construction. For instance,gluegt ‘looked’ is not translated to the semantic equivalentgeschaut, but normalised to the reconstructed formgelugt.1 Sec- ond, word boundaries in Swiss German may differ from the Standard German ones due to cliticisa- tion effects, in which case one Swiss German word corresponds to more than one word in the normali- sation layer, as illustrated bydasch ‘this is’ and its normalisationdas ist.

4 Automatic normalisation

First experiments aiming at learning the normal- isation process were reported in Samardˇzi´c et al.

(2015) and Samardˇzi´c et al. (2016). To this end, the words in the test set were partitioned in four classes, and different normalisation methods were chosen according to the word class:

• Uniquewords are associated with exactly one normalisation in the training set. At test time, these words were normalised using the nor- malisation seen during training.

• Ambiguous 1words are associated with more than one normalisation candidate, but a unique most frequent normalisation can be deter- mined. In this case, the most frequent nor- malisation was proposed at test time.

• ForAmbiguous 2words, no single most fre- quent normalisation can be selected because of tied frequency counts. For this class, it was proposed to select the best normalisation

1These reconstructions were generally inspired by the lem- mas of theIdiotikondialect dictionary (Staub et al., 1881–).


Baselines and ceilings Isolated words Segments Constr.

Prop. Ident. Baseline Combi Ceiling 1 LM 2 LM 1 LM 2 LM 2 LM Unique 46.63 22.84 98.79 98.79 98.98 98.30 98.22 97.25 97.64 98.69 Ambig. 42.12 23.52 84.06 84.20 84.64 83.45 82.52 86.27 87.54 87.92

New 11.25 9.46 9.46 35.33 99.57 53.15 53.91 52.50 63.59 65.87

All 21.62 82.54 85.51 93.00 86.96 86.62 87.59 89.56 90.46

Table 1: Percentages of correctly normalised words using the different comparison methods (left), the CSMT system applied to isolated words (center), the CSMT system applied to segments (right), and the segment-level system with constraints (rightmost). The first column shows the proportion of the three word classes in the test corpus. TheAllrow refers to the micro-averages over the three word categories.

candidate either by character-level machine translation or by a word-level language model.

The latter approach yielded the best results, but the overall impact was limited as this class only accounts for about 0.5% of words.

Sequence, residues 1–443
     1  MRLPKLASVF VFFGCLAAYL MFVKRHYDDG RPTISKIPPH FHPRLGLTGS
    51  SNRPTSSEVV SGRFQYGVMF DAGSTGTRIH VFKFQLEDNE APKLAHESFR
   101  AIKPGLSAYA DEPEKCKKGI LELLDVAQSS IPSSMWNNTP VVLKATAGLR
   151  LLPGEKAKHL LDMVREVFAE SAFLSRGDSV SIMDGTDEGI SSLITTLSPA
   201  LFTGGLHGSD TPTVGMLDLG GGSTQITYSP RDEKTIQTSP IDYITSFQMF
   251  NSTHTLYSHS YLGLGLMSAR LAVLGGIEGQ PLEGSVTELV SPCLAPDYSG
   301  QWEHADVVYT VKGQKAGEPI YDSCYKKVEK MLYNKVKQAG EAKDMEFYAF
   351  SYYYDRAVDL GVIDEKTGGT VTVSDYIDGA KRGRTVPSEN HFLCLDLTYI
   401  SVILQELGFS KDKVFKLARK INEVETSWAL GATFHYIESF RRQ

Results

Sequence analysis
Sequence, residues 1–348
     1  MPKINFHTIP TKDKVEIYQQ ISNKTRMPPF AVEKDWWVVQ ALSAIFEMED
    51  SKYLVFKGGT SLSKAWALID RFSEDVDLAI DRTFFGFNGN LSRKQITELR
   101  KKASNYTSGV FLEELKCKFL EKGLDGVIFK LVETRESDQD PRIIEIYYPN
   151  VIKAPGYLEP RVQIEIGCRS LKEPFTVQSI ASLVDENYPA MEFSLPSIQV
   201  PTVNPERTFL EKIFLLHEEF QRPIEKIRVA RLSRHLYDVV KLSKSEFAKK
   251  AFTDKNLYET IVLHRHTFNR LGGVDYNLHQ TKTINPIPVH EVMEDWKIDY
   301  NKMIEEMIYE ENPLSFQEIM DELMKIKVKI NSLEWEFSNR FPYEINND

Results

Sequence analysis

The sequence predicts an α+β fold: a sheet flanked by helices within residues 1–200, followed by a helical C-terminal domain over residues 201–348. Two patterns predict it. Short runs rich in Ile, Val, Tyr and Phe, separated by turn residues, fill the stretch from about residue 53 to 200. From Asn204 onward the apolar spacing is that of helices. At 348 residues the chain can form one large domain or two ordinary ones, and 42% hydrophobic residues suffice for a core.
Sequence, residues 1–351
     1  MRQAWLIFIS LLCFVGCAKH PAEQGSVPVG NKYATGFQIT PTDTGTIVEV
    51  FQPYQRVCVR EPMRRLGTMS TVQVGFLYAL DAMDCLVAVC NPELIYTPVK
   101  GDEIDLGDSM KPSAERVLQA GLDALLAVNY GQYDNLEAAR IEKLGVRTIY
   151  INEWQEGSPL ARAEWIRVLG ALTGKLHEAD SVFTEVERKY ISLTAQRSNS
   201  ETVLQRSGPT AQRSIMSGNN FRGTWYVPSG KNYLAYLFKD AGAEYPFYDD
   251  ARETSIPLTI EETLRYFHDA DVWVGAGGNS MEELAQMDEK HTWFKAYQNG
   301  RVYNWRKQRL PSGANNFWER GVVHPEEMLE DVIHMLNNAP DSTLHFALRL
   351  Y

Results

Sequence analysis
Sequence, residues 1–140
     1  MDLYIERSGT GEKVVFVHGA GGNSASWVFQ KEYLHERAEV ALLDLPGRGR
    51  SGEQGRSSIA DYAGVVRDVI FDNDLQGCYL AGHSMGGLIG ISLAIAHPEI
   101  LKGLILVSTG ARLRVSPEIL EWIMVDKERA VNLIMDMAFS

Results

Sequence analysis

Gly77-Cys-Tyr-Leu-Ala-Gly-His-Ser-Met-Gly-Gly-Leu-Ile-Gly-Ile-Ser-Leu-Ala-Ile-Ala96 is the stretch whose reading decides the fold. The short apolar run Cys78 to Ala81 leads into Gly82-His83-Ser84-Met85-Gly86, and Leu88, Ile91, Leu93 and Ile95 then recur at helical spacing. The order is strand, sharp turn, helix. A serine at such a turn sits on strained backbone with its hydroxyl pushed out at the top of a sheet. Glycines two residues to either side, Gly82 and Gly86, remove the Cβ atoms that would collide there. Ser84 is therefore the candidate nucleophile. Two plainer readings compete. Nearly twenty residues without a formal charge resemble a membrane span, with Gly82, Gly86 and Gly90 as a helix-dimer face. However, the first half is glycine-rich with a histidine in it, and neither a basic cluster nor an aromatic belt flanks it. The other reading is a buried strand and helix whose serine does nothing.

• New words have not been observed in the training set and therefore no normalisation candidates are available. These words were normalised using a character-level machine translation system trained on the training data.

In this contribution, we take advantage of addi- tional annotations that have been made available in the meantime and show that a single normalisa- tion method based on CSMT can outperform the heterogeneous method summarised above.

The current version of the ArchiMob cor- pus differs from previous versions in three re- spects. First, the manually annotated normalisa- tions were double-checked to ensure best consis- tency (Samardˇzi´c et al., 2016). Second, the utter- ances were split into syntactically and prosodically motivated segments of 4-8 seconds. Third, hes- itations and false starts were annotated as such and could be excluded from the normalisation task, since their normalisation is not meaningful.

We argue that the CSMT approach can be ex- tended to all four categories of words, without loss of accuracy. To this end, four types of improve- ments are proposed:

• All CSMT models are tuned using MERT; this has not been done in previous work.

• We propose a setting in which each word is normalised in isolation, and a setting in which entire segments are translated. While normali- sation is mainly performed at the token level

in related work, we obtain significant improve- ments by normalising entire segments, thanks to the possibility of capturing parts of the con- text during the normalisation process.

• We add, beside the training data language model, an additional language model of spo- ken Standard German to the CSMT systems.